Frigidaire and Philips began offering single-source extended-service contracts.

AHAM reported the biggest June in history: the third 5-million-unit month (and second this year), up 16.7 percent from June of 1993.


Viking added "executive" to Liston Durden's title as vice president of marketing.

GE Appliances showed a Profile 30-cubic-foot side-by-side refrigerator.

Whirlpool reported its first $2 billion quarter (ending June 30) as the giant manufacturers were unanimous in claiming records sales and/or profits.

Bob Cunningham became general manager of the marketing group for the Whirlpool brand, succeeding Neil Lynch, now vice president of marketing in Asia.

Marta Group Inc., the Key America chapter in Philadelphia, liquidated.

Best Buy agreed to take on an extensive derivative line of upscale Frigidaire Crown series appliances in Concept II and III stores.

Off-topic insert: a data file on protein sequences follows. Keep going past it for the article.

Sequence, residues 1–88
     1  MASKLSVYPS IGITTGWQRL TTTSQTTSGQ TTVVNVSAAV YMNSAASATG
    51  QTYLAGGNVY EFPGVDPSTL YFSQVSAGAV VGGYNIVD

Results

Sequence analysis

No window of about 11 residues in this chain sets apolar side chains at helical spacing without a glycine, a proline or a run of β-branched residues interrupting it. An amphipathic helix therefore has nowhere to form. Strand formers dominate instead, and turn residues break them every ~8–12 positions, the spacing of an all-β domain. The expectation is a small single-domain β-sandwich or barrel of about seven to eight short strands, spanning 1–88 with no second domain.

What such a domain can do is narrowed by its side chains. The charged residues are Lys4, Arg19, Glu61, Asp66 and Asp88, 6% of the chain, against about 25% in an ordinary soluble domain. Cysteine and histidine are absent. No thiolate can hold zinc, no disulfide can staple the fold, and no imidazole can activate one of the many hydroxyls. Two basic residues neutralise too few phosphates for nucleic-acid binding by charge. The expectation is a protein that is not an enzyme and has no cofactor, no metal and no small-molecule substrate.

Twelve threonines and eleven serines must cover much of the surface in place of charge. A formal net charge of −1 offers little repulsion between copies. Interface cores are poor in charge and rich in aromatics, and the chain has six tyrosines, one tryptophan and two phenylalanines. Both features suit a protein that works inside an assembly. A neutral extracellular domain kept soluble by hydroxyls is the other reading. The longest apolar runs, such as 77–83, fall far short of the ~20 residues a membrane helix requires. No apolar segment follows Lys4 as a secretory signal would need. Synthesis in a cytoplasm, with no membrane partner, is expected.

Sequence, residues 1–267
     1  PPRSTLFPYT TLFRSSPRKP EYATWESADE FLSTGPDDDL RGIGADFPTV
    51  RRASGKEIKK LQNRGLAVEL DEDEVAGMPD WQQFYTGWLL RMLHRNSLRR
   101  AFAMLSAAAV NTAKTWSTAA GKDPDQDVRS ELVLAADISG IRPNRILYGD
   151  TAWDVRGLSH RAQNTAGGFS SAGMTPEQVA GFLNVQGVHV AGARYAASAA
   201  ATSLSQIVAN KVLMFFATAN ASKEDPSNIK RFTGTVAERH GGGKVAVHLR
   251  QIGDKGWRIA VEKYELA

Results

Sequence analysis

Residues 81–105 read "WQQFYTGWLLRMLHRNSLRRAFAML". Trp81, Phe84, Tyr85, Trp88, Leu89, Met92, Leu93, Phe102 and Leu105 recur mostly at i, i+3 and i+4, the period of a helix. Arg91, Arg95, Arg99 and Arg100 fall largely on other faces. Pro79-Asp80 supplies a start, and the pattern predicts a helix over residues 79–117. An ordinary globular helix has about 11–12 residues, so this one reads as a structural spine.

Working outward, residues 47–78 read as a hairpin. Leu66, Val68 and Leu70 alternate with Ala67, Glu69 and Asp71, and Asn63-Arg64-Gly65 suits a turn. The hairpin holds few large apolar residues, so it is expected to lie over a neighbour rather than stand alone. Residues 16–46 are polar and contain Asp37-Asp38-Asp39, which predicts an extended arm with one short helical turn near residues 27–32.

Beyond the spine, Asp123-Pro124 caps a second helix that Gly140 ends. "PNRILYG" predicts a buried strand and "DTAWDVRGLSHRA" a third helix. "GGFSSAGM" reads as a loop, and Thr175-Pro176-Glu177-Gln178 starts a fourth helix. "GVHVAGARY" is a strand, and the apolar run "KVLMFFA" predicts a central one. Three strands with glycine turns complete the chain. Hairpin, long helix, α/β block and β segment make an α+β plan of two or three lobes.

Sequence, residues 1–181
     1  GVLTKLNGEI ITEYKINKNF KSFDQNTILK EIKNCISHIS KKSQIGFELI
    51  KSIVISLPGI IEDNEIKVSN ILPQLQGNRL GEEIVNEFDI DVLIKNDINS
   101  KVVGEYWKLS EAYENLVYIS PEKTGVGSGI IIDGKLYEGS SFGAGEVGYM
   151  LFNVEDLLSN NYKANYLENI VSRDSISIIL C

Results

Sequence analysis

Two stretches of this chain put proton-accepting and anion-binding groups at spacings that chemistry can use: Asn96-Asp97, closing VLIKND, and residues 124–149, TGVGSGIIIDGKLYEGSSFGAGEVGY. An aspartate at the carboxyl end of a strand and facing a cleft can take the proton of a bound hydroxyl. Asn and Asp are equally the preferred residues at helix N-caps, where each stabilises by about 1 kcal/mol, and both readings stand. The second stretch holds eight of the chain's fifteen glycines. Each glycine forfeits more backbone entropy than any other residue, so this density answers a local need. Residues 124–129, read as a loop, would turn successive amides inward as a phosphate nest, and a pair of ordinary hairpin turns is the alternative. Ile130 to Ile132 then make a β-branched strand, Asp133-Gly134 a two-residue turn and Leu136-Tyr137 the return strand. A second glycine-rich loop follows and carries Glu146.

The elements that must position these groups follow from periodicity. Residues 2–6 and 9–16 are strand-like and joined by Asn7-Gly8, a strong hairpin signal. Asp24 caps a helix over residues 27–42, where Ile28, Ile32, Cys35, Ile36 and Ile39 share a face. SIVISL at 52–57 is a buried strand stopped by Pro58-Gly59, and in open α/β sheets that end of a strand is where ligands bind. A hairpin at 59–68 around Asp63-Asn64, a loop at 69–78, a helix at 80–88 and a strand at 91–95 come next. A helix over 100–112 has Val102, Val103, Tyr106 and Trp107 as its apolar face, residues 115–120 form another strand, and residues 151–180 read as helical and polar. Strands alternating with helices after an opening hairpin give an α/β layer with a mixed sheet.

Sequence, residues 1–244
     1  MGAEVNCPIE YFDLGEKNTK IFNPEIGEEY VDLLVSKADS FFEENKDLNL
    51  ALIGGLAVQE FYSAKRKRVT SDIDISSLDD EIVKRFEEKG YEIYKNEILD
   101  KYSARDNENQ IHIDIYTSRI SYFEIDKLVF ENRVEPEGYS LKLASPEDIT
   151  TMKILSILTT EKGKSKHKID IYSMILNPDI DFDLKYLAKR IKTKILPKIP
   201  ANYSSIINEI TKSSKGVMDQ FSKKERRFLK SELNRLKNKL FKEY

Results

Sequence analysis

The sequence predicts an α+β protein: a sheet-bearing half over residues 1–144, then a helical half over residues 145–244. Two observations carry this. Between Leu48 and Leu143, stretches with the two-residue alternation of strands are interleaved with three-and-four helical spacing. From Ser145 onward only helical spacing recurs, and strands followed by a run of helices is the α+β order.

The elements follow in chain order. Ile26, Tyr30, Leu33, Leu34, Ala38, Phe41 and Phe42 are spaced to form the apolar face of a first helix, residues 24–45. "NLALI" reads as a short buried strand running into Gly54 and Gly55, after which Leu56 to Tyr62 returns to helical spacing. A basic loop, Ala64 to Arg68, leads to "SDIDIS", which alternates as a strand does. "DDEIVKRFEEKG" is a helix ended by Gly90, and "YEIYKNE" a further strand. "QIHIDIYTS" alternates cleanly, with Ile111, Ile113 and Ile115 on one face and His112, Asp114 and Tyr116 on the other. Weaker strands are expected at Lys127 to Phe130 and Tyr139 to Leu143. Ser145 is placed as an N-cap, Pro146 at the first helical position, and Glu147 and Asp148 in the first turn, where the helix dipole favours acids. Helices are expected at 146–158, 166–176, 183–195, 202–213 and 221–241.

AHAM reported the biggest July in history: up 3.9 percent, and records for six of 12 categories.


Tappan offered commercial-style ranges at step-down price points.

AHAM reported the biggest August in history: up 12.3 percent, and upgraded its forecast again, this time to 51.19 million units (the record is 50.65 million in 1987).


Shifts at Whirlpool's top: Hank Bowman, executive vice president for global business-process integration; Jeff Fettig, president of Whirlpool Europe (his old job, North American vice president of group sales and marketing, was split up);

AHAM set up a task force seeking to standardize data interchange and bar codes from component suppliers to retailers.

In-Sink-Erator said it would phase out dishwashers and compactors by year-end.

Distinctive Appliance Corp. named Terry Kelly senior vice president of sales; David Daneman, eastern regional VP, left the upscale manufacturer.

Fedders said it returned to the black in the year ending Aug. 31.

AHAM reported the biggest September in history: up 8.5 percent.